Several weeks prior to the 2020 election, the New York Post published a story with the headline “Hunter Biden emails show leveraging connections with his father to boost Burisma pay.” Twitter blocked users from sharing the Post’s story and went as far as locking out of her account White House spokeswoman, Kayleigh McEnany. For two weeks, the New York Post (a newspaper founded by Alexander Hamilton) was locked out of its account for publishing a story counter to Twitter’s preferred narrative. Facebook said it was “reducing its distribution on our platform.” We now know that the FBI, knowing that the Hunter Biden laptop from which the New York Post sourced its story was real, warned Twitter ahead of time to expect “hack-and-leak operations” by “state actors” involving Hunter Biden. As soon as the New York Post story broke, Twitter censored the article, citing its “hacked materials” policy. Similarly, Mark Zuckerberg admitted, perhaps inadvertently, on the Joe Rogan Experience that the FBI warned Facebook about Russian disinformation shortly before the New York Post published its story. It ultimately doesn’t matter whether this story would have changed the outcome of the election. What matters is that the FBI and Silicon Valley didn’t think we should have the information before we cast our votes.
Now, at last, I began to see the contours of the Regime clearly. I began to understand our system of government by its true nature. A bureaucratic behemoth has hollowed out our constitutional republic and is wearing it like a skin suit, suffocating our ability to make meaningful decisions for ourselves. Power is a living entity. It expands and consolidates. Those in positions of power, in any authority structure, are driven by a relentless pursuit of self-interest. As they amass more power, they seek to perpetuate and increase their control over society. This bureaucratic class transcends political boundaries. It wields immense power, exerting a disproportionate influence on policymaking.
Power and democracy are not enemies. The unchecked power of the majority and its potential for tyranny was a threat our founders recognized. The rise of identity politics and “cancel culture” have resulted in a society where dissenting opinions are stifled, and ideological conformity is enforced from the top down and the bottom up. We all know the things we can’t say at work, or maybe even to some of our friends and family. The original concept of the American constitutional system is predicated on open discourse. But intolerance for opposing viewpoints undermines these foundations, leading to a system that is increasingly dominated by an intolerant majority.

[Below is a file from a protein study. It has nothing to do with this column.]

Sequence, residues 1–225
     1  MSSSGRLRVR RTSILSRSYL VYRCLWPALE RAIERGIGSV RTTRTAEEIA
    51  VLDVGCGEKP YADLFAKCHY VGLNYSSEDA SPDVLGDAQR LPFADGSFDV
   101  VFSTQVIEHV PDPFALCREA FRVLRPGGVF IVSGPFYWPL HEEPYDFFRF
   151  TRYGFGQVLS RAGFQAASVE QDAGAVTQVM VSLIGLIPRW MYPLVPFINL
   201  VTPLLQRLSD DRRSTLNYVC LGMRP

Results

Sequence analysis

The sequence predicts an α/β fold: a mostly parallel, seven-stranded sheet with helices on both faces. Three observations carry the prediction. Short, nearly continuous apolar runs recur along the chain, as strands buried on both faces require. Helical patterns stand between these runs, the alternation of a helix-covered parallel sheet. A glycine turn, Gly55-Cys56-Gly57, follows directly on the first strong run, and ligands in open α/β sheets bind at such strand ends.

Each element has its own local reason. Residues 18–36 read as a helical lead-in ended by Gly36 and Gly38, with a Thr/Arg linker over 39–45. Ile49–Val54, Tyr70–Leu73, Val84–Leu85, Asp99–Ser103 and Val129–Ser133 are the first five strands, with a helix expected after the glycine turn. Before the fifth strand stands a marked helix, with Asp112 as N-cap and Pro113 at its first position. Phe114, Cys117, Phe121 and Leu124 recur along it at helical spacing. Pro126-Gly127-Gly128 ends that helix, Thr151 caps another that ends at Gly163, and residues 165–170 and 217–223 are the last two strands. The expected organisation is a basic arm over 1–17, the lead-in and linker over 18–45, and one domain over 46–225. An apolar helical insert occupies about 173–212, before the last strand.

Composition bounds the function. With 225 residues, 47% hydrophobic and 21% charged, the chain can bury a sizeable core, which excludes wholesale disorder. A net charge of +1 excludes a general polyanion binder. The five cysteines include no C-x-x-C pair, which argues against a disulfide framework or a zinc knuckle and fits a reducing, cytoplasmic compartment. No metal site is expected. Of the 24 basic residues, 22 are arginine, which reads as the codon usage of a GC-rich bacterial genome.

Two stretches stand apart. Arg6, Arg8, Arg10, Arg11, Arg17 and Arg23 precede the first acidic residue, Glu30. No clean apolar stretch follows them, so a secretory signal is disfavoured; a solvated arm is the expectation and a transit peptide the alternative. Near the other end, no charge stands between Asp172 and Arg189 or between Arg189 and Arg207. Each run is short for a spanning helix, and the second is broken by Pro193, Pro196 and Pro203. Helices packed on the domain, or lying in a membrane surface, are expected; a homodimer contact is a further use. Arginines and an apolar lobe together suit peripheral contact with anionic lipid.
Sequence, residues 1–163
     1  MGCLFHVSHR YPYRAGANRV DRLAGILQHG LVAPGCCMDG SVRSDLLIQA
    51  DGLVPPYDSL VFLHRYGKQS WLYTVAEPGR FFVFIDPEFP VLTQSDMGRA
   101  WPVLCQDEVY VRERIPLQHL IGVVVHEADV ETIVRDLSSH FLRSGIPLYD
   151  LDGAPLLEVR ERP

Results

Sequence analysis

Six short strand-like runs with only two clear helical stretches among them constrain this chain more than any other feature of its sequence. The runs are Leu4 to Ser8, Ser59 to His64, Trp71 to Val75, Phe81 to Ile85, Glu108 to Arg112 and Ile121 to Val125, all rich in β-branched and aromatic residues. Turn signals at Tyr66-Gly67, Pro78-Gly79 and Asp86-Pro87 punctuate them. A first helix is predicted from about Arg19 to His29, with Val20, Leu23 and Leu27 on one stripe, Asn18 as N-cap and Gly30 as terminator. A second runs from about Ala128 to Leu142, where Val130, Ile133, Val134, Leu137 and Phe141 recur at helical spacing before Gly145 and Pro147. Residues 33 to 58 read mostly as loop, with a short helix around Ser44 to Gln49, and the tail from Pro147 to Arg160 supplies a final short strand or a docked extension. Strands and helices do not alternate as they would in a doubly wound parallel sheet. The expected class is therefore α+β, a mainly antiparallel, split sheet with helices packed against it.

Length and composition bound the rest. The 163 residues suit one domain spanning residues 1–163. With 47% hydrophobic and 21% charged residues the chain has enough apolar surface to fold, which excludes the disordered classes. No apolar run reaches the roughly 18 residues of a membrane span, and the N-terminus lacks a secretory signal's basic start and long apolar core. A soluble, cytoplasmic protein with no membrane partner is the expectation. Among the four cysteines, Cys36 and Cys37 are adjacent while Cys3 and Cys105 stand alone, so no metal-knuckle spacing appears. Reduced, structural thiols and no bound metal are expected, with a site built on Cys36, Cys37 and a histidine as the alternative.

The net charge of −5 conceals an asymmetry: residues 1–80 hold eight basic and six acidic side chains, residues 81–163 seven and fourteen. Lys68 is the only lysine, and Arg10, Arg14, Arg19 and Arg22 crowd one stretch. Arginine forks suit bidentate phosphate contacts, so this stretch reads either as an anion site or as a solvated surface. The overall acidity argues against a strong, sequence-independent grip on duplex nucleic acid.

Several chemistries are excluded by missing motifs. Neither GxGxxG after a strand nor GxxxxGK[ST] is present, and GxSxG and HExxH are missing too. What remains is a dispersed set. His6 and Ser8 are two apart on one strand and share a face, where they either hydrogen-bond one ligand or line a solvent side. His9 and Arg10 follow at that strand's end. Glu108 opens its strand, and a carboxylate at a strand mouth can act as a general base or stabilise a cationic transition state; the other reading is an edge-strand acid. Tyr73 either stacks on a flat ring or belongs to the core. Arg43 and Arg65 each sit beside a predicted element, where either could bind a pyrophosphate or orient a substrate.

In our modern media landscape, consent can be manufactured. Influential institutions and ideologies exert control over individuals’ thoughts, beliefs, and behaviors without direct force. Hollywood and Silicon Valley provide levers the powerful can pull to steer the ship of state in their preferred direction. The exponential growth of technological progress has created fertile ground for psychological manipulation. Surveillance programs, invasive regulations, and the erosion of privacy have contributed to a climate of constant monitoring and control. Our once vibrant culture of individualism and self-determination is being stifled by an atmosphere of conformity and dependence on the state. In the name of security and “social progress,” the Regime has reached its tentacles into nearly every aspect of our lives.
So where does that leave us on Independence Day? I still feel great patriotism for the story of our founding and the remarkable things America has accomplished. But I can no longer use our material wealth and comfort as a proxy for whether we are on the right track. The American system of government is faltering under the weight of concentrated power, the influence of an unaccountable managerial elite, the erosion of individual liberties, the tyranny of the majority, the stifling of free thought, and the accelerating expansion of technological control.
“Patriotism is supporting your country all the time, and your government when it deserves it.” — Mark Twain
Our government does not deserve it. Is there anything more American than recognizing that?
Happy Independence Day.